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Change Management

Consulting is our passion.


Raluca Androne

A few days ago, I was sitting on a tram, somewhere in  Bucharest. When the tram was about to leave the station, one of the exits remained open. Not because the tram was too crowded, but because some doors simply did not close. The conductor stopped and a man standing near that exit tried to pull the doors closed. He did not manage. And then two Roma youngsters who were a bit noisy during travelling said to each other “Let us close the doors!”

Fortunately for the hurried passengers they succeeded. But the tram did not leave the station. The conductor got out of his cabin and went straight to the two youngsters. He accused them of blocking the doors, threatened to get them off tram, offended them and nobody else among the other passengers who witnessed the entire situation did react.

At that moment I wanted to do something, I felt the urge to defend them. But, except the fact I was diagnozed with laryngitis that very morning and I could barely whisper, I thought it was inappropiate for a young woman to interfere in the matter and that, if there was justice on Earth, somebody else would react. But while the tram conductor was expressing his feelings nobody defended the two Roma youngsters. I was ashamed of myself and of the other passengers that we were incapable of seeing good in things and people where we expect to find only flaws.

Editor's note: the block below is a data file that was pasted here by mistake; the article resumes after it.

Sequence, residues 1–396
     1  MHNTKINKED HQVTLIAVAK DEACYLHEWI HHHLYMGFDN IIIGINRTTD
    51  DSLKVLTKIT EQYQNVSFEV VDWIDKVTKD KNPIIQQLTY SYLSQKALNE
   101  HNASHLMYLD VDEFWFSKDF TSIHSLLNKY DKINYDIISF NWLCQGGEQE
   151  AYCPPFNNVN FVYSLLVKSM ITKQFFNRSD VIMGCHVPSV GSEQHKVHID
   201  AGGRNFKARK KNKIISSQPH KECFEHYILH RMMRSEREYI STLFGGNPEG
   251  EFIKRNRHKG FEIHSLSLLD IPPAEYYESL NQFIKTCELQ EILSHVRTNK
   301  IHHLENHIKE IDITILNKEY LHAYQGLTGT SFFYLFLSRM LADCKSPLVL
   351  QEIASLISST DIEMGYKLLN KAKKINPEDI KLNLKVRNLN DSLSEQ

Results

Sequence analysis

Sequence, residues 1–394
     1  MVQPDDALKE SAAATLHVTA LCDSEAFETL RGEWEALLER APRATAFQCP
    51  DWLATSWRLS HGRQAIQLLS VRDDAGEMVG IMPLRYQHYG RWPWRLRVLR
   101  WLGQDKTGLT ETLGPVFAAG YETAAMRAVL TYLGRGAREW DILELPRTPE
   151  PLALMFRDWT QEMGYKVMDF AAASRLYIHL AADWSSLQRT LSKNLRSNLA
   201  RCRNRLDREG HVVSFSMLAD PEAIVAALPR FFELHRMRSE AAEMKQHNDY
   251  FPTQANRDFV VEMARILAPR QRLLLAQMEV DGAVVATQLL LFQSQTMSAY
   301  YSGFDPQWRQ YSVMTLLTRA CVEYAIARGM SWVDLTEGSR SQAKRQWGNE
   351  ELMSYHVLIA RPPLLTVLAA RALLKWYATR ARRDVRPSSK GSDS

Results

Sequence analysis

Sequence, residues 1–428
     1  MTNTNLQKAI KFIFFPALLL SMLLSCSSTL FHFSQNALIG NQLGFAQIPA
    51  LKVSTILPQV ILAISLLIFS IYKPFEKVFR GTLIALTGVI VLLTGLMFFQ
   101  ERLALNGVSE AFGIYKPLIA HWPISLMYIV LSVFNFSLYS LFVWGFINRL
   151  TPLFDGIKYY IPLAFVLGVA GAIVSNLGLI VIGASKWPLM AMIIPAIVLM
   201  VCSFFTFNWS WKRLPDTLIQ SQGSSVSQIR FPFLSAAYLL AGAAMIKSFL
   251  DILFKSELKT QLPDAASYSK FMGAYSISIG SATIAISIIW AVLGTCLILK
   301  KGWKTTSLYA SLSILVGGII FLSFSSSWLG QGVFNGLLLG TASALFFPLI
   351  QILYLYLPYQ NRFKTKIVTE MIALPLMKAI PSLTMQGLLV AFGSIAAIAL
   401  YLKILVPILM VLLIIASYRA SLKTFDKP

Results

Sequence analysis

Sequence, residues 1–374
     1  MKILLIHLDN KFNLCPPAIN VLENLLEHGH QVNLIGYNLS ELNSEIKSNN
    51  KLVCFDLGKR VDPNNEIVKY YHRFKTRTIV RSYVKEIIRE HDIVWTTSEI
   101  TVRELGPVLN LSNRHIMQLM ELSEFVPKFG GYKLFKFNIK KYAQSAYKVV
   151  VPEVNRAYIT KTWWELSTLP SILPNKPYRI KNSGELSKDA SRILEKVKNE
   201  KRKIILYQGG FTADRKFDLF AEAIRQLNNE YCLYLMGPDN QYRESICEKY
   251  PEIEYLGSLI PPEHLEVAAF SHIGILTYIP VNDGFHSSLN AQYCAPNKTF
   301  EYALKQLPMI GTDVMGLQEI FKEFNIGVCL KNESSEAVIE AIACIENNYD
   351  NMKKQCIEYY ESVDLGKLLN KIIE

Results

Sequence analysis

The situation reminds me of a lesson of leadership - maybe one of the most important: learn to unlearn. Only when we are ready to give up prejudices, habits, beliefs, things valid in the past, we learn and evolve.

  • 1 Comment(s)
Gravatar: AllisonAllison
Creative Education Consultant/Teaching Artist

Thank you for posting this. I work with at risk youth and their teachers. Sometimes it is indee difficult to see anything beyond what we expect to see.

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